Co-Chair, ECOG-ACRIN Cancer Research Group
Professor, Department of Medicine
Professor, Department of Obstetrics & Gynecology and Women's Health
Albert Einstein College of Medicine
Bronx, New York
Late relapses account for up to one-half of all breast cancer recurrences. The research of Drs. Sparano, Comis and Miller is focused on understanding the contributions of the tumor and patient-related factors on late recurrences of breast cancer with the goal of identifying possible pharmacologic and/or lifestyle interventions to reduce risk. In 2013, The Coalition of Cancer Cooperative Groups (CCG), a non-profit member organization of National Cancer Institute-sponsored Cooperative Groups, created the North American Breast Cancer Groups Biospecimen Bank for Determinants of Late Relapse in Operable Breast Cancer. It is a resource of archived primary and metastatic tumor tissue, blood and DNA collected from more than 15,000 women who participated in two large cooperative group cancer treatment trials, TAILORx and E5103. Drs. Sparano, Comis and Miller will use the biospecimen collection to identify any genetic differences that increase future risk of breast cancer relapse in previously treated patients, which could lead to the discovery of other new drugs and treatments. Importantly, the biorepository will be made available to researchers in the cooperative groups and across the scientific community, which will accelerate important discoveries that will improve breast cancer outcomes.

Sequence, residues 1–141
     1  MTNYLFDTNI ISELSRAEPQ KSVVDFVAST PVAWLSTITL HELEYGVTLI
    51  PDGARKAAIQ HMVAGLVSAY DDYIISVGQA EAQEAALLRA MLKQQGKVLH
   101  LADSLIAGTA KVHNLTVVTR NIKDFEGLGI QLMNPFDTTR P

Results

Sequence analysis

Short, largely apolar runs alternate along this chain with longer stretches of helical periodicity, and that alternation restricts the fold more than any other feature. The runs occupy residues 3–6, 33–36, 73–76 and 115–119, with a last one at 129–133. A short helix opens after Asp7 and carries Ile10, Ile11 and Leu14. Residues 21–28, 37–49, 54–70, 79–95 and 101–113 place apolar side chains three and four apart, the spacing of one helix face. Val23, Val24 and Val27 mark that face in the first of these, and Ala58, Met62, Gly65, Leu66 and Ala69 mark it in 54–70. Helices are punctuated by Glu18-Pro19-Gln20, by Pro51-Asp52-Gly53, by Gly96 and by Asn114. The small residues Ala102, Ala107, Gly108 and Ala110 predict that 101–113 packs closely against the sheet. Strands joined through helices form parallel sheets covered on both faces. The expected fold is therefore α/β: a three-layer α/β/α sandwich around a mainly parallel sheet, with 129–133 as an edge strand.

Joseph Sparano is Professor of Medicine & Women's Health at the Albert Einstein College of Medicine, Associate Chairman for Clinical Research in the Department of Oncology at Montefiore Medical Center, and Associate Director for Clinical Research at the Albert Einstein Cancer Center. He also serves as Vice Chair of ECOG-ACRIN, Vice-Chairman of the AIDS Malignancy Consortium, and Vice-Chair of the NCI Breast Cancer Correlative Science Committee. Dr. Sparano's research has focused on developmental therapeutic approaches for breast cancer, lymphoma, and HIV-associated cancers, and therapeutic applications of genomic profiling in cancer. He is the chair of the TAILORx clinical trial in breast cancer, an NCI-sponsored trial designed that is integrating multi-parameter gene expression profiling in clinical practice (http://www.cancer.gov/clinicaltrials/noteworthy-trials/tailorx). He is also the recipient of funding from the Breast Cancer Research Foundation that is supporting creation of a biospecimen bank designed to identify determinants of late relapse.